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Saturday, June 2, 2012
Qualls, Seaver buster, rooted for Johan

By Ian O'Connor



Of all the baseball fans pulling for the New York Mets on Friday night, pulling hard for Johan Santana to nail down his historic no-hitter, one 65-year-old Midwesterner stood out as the most unlikely of them all.

Jim Qualls, a ghost from the Mets’ past.

“I sat here with cold chills all over me while I was watching it,” Qualls said Saturday from his Sutter, Ill. home. “I really wanted Johan to do it for New York.”

On July 9, 1969, Qualls did it to New York with one out in the ninth, when the Chicago Cubs bench player broke up Tom Seaver’s bid for a perfect game with a single to left-center. Qualls would finish his abbreviated big-league career with 30 hits, plus one at Shea Stadium that made him the faceless name of the Mets’ biblical no-hit drought.

“Tom went on to have a pretty good career,” Qualls said through a laugh, “and the Mets came back and passed us that year and won the World Series. So I think they got over it.”

If the ’69 team got over it, the franchise and its fanbase did not. So when Santana no-hit the St. Louis Cardinals in the middle of the Mets’ 51st season and across their 8,020th game, the 2012 team celebrated on the field as if it had just won the pennant.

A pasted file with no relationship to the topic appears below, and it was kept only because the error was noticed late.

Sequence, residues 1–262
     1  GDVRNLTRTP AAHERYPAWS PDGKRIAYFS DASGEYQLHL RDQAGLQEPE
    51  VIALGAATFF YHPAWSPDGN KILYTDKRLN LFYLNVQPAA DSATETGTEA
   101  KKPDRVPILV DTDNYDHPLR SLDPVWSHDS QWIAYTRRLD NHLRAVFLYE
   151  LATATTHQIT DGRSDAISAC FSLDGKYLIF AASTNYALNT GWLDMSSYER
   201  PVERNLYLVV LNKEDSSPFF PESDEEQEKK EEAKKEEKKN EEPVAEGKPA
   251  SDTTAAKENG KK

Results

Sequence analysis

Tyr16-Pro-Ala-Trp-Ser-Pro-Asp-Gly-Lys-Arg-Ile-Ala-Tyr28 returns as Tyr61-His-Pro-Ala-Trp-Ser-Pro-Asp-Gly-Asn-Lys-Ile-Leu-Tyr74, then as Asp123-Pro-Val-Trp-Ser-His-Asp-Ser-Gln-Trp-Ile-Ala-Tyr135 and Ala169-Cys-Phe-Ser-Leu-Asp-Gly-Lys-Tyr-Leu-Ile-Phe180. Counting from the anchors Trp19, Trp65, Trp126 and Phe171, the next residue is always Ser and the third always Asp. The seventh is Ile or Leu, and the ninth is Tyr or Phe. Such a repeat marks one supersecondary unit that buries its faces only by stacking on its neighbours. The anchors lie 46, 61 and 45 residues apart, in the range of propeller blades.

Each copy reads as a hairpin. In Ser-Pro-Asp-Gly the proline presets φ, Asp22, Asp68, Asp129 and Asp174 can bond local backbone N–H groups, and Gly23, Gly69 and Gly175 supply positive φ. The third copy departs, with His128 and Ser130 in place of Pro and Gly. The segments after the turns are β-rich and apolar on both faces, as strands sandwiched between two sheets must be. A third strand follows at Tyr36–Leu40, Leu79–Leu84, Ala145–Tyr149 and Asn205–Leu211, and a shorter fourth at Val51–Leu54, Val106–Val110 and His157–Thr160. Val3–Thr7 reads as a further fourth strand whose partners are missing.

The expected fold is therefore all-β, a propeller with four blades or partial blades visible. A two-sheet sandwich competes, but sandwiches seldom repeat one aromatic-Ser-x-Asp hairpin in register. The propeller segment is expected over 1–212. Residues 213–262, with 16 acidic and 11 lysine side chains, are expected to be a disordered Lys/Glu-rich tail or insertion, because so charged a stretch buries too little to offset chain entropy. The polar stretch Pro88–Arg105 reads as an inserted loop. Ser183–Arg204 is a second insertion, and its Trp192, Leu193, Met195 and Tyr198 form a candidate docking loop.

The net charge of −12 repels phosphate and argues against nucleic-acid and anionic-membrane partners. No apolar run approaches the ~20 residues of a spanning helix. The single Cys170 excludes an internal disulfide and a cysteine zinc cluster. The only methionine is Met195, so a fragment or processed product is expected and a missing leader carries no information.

Qualls doesn’t often get to watch Mets games, but as luck would have it, he gets Cardinals telecasts in his farmland home some 150 miles north of St. Louis. He watched Friday night’s historic Mets-Cardinals game from a recliner in his living room.

“I just wish there were more people in the stands to see what Santana did,” Qualls said of the Citi Field crowd of 27,069. “Boy, there were a lot of people there (nearly 60,000) when I got the hit off Seaver, and I remember most of them booing me when I got to first base.

“I was afraid somebody was going to come up and bloop one in off Santana, and a couple of them scared me.”

Allen Craig’s short fly to Kirk Nieuwenhuis scared him the most. Craig had come up with one out in the ninth, just like Qualls did 43 years back. But Santana had better luck than Seaver. In fact, Santana had better luck than any Mets starter ever had.

“It’s been a long time coming for the Mets, and I’m very happy for them,” Qualls said. “I used to get some letters from New York right after my hit, people saying I’d better not ever walk the streets of New York ever again, but those letters came from kids.

“I still get a lot of New York and New Jersey fans who send me cards and pictures to autograph, and they’re almost always polite. I didn’t have a long career, but it’s the one hit I’m remembered for.”

The next time Seaver crossed paths with Qualls that season, during pregame jogging in the outfield, the pitcher yelled a profanity at the rookie and said, “You cost me a million bucks.” Seaver was joking ... Qualls thinks.

But now the Qualls curse is dead and buried, and the semi-retired farmer is happy to have been exorcised.

“Johan deserved it,” he said, “and so did the Mets. All they ever hear about is the boys across town, and all the big money the Yankees have, but not (Friday) night. I’ll be kind of pulling for the Mets now, at least until they play the Cubs.”